Nigerian Lawmakers Urged to Consider Regulating Crypto Industry After Proposal to Jail Ponzi Operators
The leader of the Nigerian blockchain association, Senator Ihenyen, has implored the country’s lawmakers — currently pushing for the securities law to be revamped — to consider crafting laws that regulate the crypto industry.
Proposed Law Does Not Expressly Mention Cryptocurrencies
As Nigerian lawmakers debate a bill that proposes a ten-year jail term for operators of Ponzi schemes, a leader of a Nigerian blockchain lobby group, Senator Ihenyen, has urged the country’s lawmakers to consider crafting a law to govern the cryptocurrency industry. He argued that an “unregulated crypto space is not in anyone’s best interest.”
Ihenyen, who heads the Stakeholders in Blockchain Technology Association of Nigeria (SIBAN), however, concedes that while the proposed bill does not expressly mention or refer to digital currencies, crypto Ponzi schemes are included in what the lawmakers call “prohibited schemes.”
The remarks by the leader of SIBAN follow reports that Nigerian lawmakers had passed a bill to repeal and re-enact the country’s Capital Markets, Investment and Securities Act for a second reading. Ibrahim Babangida, one of the lawmakers leading the push to have the law changed, is quoted in a Premium Times report explaining why this needs to be changed. He said:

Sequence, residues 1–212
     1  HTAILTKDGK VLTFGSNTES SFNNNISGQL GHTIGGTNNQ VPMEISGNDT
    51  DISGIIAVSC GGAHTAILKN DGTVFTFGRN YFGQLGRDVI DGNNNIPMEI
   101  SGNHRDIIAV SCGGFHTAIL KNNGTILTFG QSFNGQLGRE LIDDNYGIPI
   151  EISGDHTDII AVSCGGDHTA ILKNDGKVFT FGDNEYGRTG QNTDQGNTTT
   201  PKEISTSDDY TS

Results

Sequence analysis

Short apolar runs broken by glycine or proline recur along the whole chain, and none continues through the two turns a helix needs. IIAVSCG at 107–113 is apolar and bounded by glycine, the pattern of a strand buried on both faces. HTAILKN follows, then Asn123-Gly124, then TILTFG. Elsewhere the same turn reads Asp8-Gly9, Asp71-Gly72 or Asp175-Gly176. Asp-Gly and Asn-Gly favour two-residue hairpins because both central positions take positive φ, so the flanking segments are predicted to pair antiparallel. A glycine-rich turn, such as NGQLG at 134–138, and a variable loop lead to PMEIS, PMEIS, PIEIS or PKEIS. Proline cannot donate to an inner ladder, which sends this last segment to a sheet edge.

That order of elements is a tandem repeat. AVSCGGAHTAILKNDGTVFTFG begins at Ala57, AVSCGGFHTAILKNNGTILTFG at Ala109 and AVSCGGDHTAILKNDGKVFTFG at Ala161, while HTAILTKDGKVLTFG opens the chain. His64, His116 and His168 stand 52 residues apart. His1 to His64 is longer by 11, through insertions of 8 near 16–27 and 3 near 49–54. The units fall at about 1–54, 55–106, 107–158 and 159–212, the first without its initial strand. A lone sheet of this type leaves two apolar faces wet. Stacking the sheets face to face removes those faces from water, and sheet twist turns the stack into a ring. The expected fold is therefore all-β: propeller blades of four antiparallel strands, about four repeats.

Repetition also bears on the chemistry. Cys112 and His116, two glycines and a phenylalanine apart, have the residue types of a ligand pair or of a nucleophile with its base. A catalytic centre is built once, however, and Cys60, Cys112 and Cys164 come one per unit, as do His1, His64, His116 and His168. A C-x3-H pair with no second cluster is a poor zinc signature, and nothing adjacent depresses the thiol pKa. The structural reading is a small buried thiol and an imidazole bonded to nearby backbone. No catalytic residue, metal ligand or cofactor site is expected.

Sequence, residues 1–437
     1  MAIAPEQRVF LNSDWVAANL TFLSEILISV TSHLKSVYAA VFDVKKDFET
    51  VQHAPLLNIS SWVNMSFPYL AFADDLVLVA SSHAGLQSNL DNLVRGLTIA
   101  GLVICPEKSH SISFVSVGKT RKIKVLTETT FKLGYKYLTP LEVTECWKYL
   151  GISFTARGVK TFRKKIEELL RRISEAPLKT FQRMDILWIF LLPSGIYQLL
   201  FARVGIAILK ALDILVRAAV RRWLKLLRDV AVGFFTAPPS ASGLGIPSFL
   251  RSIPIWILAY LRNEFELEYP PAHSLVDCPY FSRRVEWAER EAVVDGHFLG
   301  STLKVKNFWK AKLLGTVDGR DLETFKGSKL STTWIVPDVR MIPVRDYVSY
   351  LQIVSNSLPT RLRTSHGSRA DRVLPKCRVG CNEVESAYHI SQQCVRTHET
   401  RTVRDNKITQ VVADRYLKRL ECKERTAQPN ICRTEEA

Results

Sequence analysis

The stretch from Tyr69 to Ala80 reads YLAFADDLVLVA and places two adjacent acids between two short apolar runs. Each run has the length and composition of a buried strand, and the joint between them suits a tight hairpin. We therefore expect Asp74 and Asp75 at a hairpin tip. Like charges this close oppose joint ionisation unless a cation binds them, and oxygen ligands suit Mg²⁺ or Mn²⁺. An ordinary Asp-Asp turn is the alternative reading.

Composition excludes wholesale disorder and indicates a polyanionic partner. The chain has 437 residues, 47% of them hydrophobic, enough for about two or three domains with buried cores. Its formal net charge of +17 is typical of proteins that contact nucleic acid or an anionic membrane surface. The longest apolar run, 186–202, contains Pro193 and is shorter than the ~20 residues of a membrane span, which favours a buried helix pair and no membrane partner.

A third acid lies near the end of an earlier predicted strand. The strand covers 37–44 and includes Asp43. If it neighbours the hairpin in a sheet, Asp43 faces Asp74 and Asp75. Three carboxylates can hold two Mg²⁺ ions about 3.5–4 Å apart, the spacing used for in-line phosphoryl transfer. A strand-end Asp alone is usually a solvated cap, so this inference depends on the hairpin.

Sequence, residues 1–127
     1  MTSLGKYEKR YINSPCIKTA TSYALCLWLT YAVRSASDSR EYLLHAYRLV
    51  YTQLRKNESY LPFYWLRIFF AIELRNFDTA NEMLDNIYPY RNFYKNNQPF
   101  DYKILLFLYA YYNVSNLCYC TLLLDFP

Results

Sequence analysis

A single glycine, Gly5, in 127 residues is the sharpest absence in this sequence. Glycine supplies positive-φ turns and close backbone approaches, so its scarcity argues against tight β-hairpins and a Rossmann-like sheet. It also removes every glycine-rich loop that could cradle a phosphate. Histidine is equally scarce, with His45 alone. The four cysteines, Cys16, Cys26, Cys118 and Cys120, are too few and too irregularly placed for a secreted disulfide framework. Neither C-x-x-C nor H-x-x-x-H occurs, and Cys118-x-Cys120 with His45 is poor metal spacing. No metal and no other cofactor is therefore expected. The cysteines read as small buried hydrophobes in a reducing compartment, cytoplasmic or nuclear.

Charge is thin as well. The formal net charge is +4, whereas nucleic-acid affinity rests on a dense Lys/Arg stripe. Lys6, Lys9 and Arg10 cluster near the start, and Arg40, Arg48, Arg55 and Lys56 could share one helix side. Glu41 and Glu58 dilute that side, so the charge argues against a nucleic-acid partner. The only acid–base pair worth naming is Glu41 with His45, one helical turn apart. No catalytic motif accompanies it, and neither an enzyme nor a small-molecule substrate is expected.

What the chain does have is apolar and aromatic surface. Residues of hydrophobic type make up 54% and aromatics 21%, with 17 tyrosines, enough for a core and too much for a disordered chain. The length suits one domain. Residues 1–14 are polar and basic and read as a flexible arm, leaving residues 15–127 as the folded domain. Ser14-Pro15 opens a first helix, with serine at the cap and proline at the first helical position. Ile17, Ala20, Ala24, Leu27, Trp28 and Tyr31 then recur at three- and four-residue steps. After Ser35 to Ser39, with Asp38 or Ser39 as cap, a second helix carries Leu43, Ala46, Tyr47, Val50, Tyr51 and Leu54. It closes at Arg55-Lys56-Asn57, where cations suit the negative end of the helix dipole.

The bill prohibits Ponzi/Pyramid Schemes as well as other illegal investment schemes and prescribes a jail term of not less than 10 years for promoters of such schemes.
In addition to seeking a custodial sentence, lawmakers also want the new law to grant the Nigeria Securities and Exchange Commission the power to shut down Ponzi schemes. The lawmakers also insist the current law is not compatible with present trends in capital markets regulation, hence the need to revamp the act.
Most Alleged Crypto Ponzis Have Nothing to Do With Cryptocurrencies
Meanwhile, Ihenyen explained to Bitcoin.com News that even though so-called crypto Ponzi schemes have dominated headlines, it later turned out that some of these investments had nothing to do with cryptocurrencies. He said:
The tricky part with most so-called crypto Ponzi schemes, however—which I must point out—is that many of these so-called ‘crypto ponzis’ have nothing to do with crypto, except that crypto was used to collect the unsuspecting participants’ funds, just the same way these bad actors could have used fiat currencies.
In instances when crypto is actually involved, if such crypto is not a scam or scam-coin, then “you find that it is often not the crypto invested that failed.” Rather it is the promoters or marketers, who eventually misappropriate participants’ funds or simply disappear, thus causing the investment to collapse, Ihenyen said.
In conclusion, the SIBAN president said “as long as this [proposed law] seeks to protect investors and consumers, it is welcomed.”
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